The kids, attempting stealth, put Charlie's car in neutral to roll it down the hill and way from his house. But they hadn't reckoned on the power steering lock, which freezes the steering wheel if the engine isn't running. The car veered across the road, coming to rest awkwardly against a curb. The dilettante thieves forced the steering wheel, breaking the locking device on the rack. Then they bashed the central console around the gearshift, perhaps out of vengeance and frustration, or perhaps they were looking for the magic wires to cross (which certainly do not run through the center console).

And it was wires--or more aptly, the lack thereof--that led to the crippling of the other car, a Volvo V70 XC, an all-wheel-drive wagon that is one of my favorite automobiles. Volvo has been among the first manufacturers to use electronic multiplexing, the use of integrated fiber-optic and digital routing whereby the car's several computers talk to each other at cable-modem speeds. Such technology helps cars operate more efficiently, and makes them lighter and cheaper to build and re-program. Forget about hot-wiring the Volvo. You'd have more luck building a G4 Macintosh in your spare bedroom.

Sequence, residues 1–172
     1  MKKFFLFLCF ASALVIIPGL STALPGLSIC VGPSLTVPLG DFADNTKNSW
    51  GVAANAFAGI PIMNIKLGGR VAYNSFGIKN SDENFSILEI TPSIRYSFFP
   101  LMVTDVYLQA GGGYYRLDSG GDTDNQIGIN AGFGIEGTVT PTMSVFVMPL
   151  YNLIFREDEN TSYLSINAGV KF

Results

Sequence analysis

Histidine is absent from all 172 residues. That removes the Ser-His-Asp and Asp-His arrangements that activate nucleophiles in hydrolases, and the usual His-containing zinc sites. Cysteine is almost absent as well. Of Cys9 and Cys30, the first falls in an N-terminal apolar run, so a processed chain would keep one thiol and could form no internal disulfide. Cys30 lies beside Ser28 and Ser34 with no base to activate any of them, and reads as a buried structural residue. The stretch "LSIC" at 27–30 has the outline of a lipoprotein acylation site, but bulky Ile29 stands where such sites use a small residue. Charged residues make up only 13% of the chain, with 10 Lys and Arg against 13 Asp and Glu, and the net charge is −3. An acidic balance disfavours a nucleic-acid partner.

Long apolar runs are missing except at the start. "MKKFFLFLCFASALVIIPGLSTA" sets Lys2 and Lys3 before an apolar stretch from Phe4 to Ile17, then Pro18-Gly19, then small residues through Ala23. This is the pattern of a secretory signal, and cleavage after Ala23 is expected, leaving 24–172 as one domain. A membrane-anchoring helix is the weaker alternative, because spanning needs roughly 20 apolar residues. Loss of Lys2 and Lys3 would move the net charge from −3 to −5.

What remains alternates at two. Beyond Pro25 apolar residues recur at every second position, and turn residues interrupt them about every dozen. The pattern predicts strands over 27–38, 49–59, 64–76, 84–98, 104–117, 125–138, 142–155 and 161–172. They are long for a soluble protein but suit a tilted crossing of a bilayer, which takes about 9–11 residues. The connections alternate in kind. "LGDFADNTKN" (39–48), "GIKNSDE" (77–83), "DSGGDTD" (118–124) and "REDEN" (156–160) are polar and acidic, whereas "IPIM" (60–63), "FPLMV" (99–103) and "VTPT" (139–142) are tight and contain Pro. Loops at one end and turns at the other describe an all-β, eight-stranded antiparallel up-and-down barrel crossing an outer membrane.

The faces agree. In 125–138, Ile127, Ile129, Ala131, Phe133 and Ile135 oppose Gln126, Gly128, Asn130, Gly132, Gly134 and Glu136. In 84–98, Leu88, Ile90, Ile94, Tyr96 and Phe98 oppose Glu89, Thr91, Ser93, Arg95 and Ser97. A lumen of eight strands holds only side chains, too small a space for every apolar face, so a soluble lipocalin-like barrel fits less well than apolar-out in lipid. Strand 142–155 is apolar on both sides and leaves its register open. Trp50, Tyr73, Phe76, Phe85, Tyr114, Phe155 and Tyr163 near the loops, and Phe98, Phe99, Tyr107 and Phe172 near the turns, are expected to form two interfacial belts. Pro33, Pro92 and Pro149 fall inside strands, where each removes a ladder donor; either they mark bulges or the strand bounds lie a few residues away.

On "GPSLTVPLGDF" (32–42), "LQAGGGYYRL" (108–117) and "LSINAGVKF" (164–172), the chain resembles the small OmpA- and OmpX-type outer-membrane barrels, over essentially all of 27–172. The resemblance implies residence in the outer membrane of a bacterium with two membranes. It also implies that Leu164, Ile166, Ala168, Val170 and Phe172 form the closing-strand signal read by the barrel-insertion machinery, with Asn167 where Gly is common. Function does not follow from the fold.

The morning after Charlie's misfortune, I walked out to the Volvo, pointed the key fob at the car--which responded with the thick, clunky sound of the doors being unlocked--got in, turned the key, the starter turned over and then ... nothing. This should not happen in a brand-new Volvo. I lifted the hood and was confronted with a writhing bundle of induction plumbing, hoses and coolant lines, nothing remotely accessible to my shade-tree skills. I put the car in neutral and it rolled down the hill. I thought perhaps a gas uptake valve in the tank had become stuck and that jarring the car might shake it loose. Needless to say, I was taking a very analog approach to the problem.

The car resolutely resisted by key-twisting entreaties. I called the tow truck--a flatbed, because all-wheel-drive vehicles can't be towed on a hook.

Two days later, I learned that the car's anti-theft key interlock malfunctioned. In essence, the car didn't recognize the key being used to turn the ignition. But it was a temporary problem that I might have fixed myself by cycling through the lock-unlock process a few times. In fact--as a measure of how glitchy new computer programming can be--the car started as soon as it was off-loaded from the tow truck. The dealership downloaded a fresh, uncorrupted program into the car, a program they pulled off Volvo's satellite feed.

I'm all for security, yet I wonder if it isn't time to set aside some small portion of our collective memory to honor the devious ingenuity of car thieves. They have been defeated, finally, utterly by systems so good they sometimes defeat us. I feel a little nostalgic for the cheap, simple thuggery of days gone by.